EU-UK trade talks have survived a rocky September, capped by outrage in Europe over moves by the UK prime minister Boris Johnson to violate last year’s Brexit deal. But hard yards lie ahead if they are to succeed.
At stake in the negotiating round in Brussels, due to wind up on Friday, is whether enough progress can be made to shift the talks into an intensified and tightly controlled format, referred to by the EU’s chief Brexit negotiator Michel Barnier as “the submarine”.
The approach would allow senior officials on both sides to hunker down in an effort to hammer out compromises on the most unyielding disagreements. But getting to that point is not simple: wary of finding itself under pressure to give ground on core priorities, the EU wants to be sure that there is a shared understanding of the destination before moving to the next phase.
As one senior member of Mr Barnier’s team put it in a meeting with EU diplomats on Monday: “We cannot enter the submarine when our doors and windows are not yet leak proof.”
Here, the FT considers the main sticking points to a deal:
State aid and the level playing field
A totemic issue that has hampered negotiations from the start. The EU is adamant it will not grant the UK a meaningful trade deal unless it has guarantees its companies will not face unfair competition; Britain insists that this is a sovereign matter.
The crux of the disagreement is in the area of state aid, where the EU is seeking to write commitments on limiting subsidies into the legal text of the trade agreement.
Talks have been marginally smoothed by a UK government statement in September that it “does not intend to return to the 1970s approach of trying to run the economy or bailing out unsustainable companies”. The statement also confirmed that “the UK will adhere to any international obligations on subsidies agreed under future free trade agreements”.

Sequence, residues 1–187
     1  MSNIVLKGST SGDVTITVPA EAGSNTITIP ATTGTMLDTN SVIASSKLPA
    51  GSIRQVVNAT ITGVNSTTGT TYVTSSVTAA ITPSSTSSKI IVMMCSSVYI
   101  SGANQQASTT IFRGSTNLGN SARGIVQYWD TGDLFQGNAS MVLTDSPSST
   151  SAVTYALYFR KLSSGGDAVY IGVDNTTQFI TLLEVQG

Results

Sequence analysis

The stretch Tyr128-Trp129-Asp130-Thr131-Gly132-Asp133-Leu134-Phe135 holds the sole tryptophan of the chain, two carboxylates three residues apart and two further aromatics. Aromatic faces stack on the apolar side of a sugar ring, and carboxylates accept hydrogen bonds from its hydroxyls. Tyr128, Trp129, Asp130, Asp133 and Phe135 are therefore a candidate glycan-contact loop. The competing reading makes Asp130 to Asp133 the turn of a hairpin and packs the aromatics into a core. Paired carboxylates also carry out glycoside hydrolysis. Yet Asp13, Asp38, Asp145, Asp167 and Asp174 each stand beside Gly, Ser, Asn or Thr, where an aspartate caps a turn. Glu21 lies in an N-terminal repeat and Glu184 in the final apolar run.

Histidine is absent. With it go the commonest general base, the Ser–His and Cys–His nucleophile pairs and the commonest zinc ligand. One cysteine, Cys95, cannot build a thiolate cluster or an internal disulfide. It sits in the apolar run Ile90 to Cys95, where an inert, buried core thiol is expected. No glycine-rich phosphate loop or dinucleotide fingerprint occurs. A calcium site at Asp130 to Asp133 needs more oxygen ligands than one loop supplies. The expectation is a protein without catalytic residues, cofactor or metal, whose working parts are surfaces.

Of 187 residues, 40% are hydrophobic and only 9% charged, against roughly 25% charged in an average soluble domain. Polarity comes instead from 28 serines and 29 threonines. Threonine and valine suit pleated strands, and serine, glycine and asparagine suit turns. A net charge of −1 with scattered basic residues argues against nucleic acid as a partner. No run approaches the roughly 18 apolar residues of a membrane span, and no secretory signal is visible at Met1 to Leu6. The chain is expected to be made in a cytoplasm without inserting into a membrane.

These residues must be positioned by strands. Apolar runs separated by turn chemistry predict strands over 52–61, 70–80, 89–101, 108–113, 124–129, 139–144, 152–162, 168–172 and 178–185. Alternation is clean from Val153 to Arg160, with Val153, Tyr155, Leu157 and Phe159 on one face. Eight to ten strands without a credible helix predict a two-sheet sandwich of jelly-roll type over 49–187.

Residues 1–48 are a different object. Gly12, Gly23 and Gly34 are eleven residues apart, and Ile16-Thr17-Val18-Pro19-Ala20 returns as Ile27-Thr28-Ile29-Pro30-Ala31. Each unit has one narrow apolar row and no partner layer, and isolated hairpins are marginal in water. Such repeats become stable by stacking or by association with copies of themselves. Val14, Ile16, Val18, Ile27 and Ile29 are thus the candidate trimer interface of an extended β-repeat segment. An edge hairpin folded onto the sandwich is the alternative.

Other level playing field matters covering issues such as environmental standards and labour law are also not settled, with France urging the European Commission to seek arrangements that would keep both sides broadly aligned.
Bound up with the level playing field is the question of how to enforce commitments outlined in the future relationship deal. The EU wants to move far beyond normal World Trade Organization dispute-settlement arrangements, with possibilities for rapid retaliation if it finds evidence the UK is trying to steal a competitive advantage, or is violating the partnership in other ways.
In general, it wants to have free rein to hit Britain where it economically hurts: hiking tariffs on UK farm exports, for example, in retaliation for Britain not honouring promises on fishing rights.
The UK has sought to limit this potential for “cross-retaliation”, and this whole area remains one of the most difficult in the talks.
EU access to UK fishing waters has been one of the main sticking points in the trade talks © Dan Kitwood/Getty Images
Undoubtedly the strongest card that Britain holds in the negotiations is the EU fishing sector’s urgent need to preserve access to UK waters after January 1, when the Brexit transition period ends.
Without a deal, the EU fleet will be largely locked out of the UK’s “exclusive economic zone”, which stretches as far as 200 nautical miles from the coast of Britain.